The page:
Gordon West, the former Everton and England goalkeeper, has died at the age of 69 after a long illness.
West spent 11 years at Goodison Park, making more than 400 appearances and winning two league titles in 1963 and 1970, as well as the FA Cup in 1966.
Everton paid £27,000 to sign West from Blackpool, then a British record transfer fee for a goalkeeper.
He won three caps for England and was part of the squad that came third at the 1968 European Championship.
However, he turned down the chance to go to the World Cup in Mexico two years later as he wanted to remain with his family.
Former Everton striker and manager Joe Royle believes West was one of the premier goalkeepers of his generation and was unfortunate not to have had more of an involvement at international level.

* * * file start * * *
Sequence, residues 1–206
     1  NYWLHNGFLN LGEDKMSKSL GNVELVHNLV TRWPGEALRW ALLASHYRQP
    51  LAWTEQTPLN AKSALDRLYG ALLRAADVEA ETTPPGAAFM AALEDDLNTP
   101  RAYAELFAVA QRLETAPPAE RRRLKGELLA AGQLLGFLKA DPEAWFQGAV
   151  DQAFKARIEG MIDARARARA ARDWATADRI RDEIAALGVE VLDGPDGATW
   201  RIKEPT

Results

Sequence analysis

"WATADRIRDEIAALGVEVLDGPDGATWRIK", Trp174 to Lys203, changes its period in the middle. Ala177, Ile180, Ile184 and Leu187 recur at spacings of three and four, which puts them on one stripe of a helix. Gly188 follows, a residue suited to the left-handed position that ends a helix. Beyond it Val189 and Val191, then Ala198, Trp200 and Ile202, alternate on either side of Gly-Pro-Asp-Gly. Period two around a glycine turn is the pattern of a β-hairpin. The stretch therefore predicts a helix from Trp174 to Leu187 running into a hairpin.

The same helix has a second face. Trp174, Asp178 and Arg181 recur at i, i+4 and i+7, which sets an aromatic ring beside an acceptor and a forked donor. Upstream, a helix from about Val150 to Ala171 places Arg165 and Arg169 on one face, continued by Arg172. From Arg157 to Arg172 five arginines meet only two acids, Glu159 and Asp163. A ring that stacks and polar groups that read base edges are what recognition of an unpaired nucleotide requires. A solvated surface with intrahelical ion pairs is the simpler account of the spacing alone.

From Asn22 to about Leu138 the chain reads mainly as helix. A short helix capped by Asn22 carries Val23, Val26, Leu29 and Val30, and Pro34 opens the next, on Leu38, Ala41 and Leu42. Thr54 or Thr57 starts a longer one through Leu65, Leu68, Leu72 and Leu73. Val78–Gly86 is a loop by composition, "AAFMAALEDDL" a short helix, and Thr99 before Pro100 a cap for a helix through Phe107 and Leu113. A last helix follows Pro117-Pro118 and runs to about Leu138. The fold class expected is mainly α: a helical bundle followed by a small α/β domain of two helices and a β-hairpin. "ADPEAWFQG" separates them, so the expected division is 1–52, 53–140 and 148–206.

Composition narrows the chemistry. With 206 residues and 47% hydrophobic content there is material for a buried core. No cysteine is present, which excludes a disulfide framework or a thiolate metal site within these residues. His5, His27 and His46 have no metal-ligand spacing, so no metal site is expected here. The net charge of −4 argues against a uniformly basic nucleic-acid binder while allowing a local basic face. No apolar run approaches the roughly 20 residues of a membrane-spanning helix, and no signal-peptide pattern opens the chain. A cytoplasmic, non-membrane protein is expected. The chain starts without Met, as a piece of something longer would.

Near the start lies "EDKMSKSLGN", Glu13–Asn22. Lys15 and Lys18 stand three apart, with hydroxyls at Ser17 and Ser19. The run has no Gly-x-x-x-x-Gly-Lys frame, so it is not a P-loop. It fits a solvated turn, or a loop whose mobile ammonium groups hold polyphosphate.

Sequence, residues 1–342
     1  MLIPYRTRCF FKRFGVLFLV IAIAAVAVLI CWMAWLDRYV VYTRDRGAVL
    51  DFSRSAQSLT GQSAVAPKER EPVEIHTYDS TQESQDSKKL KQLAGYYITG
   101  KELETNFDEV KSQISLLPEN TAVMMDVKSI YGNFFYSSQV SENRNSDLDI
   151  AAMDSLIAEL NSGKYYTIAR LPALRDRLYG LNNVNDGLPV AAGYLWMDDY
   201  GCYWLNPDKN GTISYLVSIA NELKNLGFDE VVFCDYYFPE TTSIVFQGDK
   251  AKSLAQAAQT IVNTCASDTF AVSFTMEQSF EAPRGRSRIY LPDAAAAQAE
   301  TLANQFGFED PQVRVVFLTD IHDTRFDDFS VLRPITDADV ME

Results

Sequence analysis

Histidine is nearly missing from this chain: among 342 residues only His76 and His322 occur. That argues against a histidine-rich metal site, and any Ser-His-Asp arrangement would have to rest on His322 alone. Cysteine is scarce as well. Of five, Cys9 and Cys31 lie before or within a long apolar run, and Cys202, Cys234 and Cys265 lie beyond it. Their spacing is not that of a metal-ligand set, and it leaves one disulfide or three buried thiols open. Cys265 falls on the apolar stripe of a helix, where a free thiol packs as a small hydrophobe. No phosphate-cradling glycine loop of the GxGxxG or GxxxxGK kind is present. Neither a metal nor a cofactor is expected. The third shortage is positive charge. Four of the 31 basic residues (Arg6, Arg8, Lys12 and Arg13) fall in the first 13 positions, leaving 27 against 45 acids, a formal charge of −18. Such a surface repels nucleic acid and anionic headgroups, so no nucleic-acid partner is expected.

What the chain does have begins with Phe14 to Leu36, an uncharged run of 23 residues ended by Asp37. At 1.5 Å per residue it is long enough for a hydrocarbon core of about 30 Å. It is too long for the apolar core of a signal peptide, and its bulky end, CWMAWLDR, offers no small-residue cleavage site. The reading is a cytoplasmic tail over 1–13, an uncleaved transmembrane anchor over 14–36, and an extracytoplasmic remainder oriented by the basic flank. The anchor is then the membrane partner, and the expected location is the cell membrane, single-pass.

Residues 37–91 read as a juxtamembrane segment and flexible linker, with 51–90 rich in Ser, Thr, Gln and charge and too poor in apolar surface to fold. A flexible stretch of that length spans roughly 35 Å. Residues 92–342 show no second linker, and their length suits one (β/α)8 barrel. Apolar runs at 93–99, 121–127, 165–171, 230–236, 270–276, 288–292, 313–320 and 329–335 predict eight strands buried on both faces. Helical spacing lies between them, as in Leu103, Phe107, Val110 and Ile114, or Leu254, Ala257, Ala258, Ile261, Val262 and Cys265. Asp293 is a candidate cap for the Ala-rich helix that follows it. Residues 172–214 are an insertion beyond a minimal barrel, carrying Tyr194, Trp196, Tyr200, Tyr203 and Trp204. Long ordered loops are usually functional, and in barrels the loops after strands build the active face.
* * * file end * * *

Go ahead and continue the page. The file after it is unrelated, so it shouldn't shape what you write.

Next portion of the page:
Royle told BBC Radio Merseyside: "He was a great man and a fantastic goalkeeper.
"He was a major player in three great Everton sides and you don't win things without top goalkeepers.
"He was just unlucky that he had to compete with Gordon Banks and others, because at the time England had the best goalkeepers in the world."
Ronnie Goodlass, who was an apprentice while West was at Goodison Park, added: "He won two league championships and an FA Cup medal, so it shows what a great player he was.
"As you were coming up through the ranks, you looked up to people like 'Westy'.
"He was always a character in the dressing room, he was great to be around and real fun. The Evertonians loved him."